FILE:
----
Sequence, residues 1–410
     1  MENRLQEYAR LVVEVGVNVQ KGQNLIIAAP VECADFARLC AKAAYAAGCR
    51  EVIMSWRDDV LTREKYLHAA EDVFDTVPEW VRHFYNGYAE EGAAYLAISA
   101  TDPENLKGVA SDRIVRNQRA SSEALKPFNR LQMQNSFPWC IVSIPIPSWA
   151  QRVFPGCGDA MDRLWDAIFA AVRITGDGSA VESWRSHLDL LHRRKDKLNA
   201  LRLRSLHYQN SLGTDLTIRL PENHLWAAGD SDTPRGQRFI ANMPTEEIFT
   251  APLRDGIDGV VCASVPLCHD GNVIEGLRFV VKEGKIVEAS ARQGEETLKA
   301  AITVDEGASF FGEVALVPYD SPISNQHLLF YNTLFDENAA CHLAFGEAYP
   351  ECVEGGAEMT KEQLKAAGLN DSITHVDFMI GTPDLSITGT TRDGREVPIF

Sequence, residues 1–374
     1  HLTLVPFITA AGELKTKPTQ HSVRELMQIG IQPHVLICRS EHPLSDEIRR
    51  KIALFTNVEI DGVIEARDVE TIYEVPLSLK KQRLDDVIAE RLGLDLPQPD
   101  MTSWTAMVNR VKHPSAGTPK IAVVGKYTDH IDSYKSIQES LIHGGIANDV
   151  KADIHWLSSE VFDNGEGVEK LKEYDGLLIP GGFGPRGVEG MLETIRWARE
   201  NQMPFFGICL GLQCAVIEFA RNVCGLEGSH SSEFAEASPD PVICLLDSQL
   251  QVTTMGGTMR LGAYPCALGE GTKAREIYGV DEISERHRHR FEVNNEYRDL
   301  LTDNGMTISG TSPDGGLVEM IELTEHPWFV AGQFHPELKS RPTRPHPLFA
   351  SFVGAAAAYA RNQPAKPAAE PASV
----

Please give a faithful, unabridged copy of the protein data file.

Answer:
Sequence, residues 1–410
     1  MENRLQEYAR LVVEVGVNVQ KGQNLIIAAP VECADFARLC AKAAYAAGCR
    51  EVIMSWRDDV LTREKYLHAA EDVFDTVPEW VRHFYNGYAE EGAAYLAISA
   101  TDPENLKGVA SDRIVRNQRA SSEALKPFNR LQMQNSFPWC IVSIPIPSWA
   151  QRVFPGCGDA MDRLWDAIFA AVRITGDGSA VESWRSHLDL LHRRKDKLNA
   201  LRLRSLHYQN SLGTDLTIRL PENHLWAAGD SDTPRGQRFI ANMPTEEIFT
   251  APLRDGIDGV VCASVPLCHD GNVIEGLRFV VKEGKIVEAS ARQGEETLKA
   301  AITVDEGASF FGEVALVPYD SPISNQHLLF YNTLFDENAA CHLAFGEAYP
   351  ECVEGGAEMT KEQLKAAGLN DSITHVDFMI GTPDLSITGT TRDGREVPIF

Sequence, residues 1–374
     1  HLTLVPFITA AGELKTKPTQ HSVRELMQIG IQPHVLICRS EHPLSDEIRR
    51  KIALFTNVEI DGVIEARDVE TIYEVPLSLK KQRLDDVIAE RLGLDLPQPD
   101  MTSWTAMVNR VKHPSAGTPK IAVVGKYTDH IDSYKSIQES LIHGGIANDV
   151  KADIHWLSSE VFDNGEGVEK LKEYDGLLIP GGFGPRGVEG MLETIRWARE
   201  NQMPFFGICL GLQCAVIEFA RNVCGLEGSH SSEFAEASPD PVICLLDSQL
   251  QVTTMGGTMR LGAYPCALGE GTKAREIYGV DEISERHRHR FEVNNEYRDL
   301  LTDNGMTISG TSPDGGLVEM IELTEHPWFV AGQFHPELKS RPTRPHPLFA
   351  SFVGAAAAYA RNQPAKPAAE PASV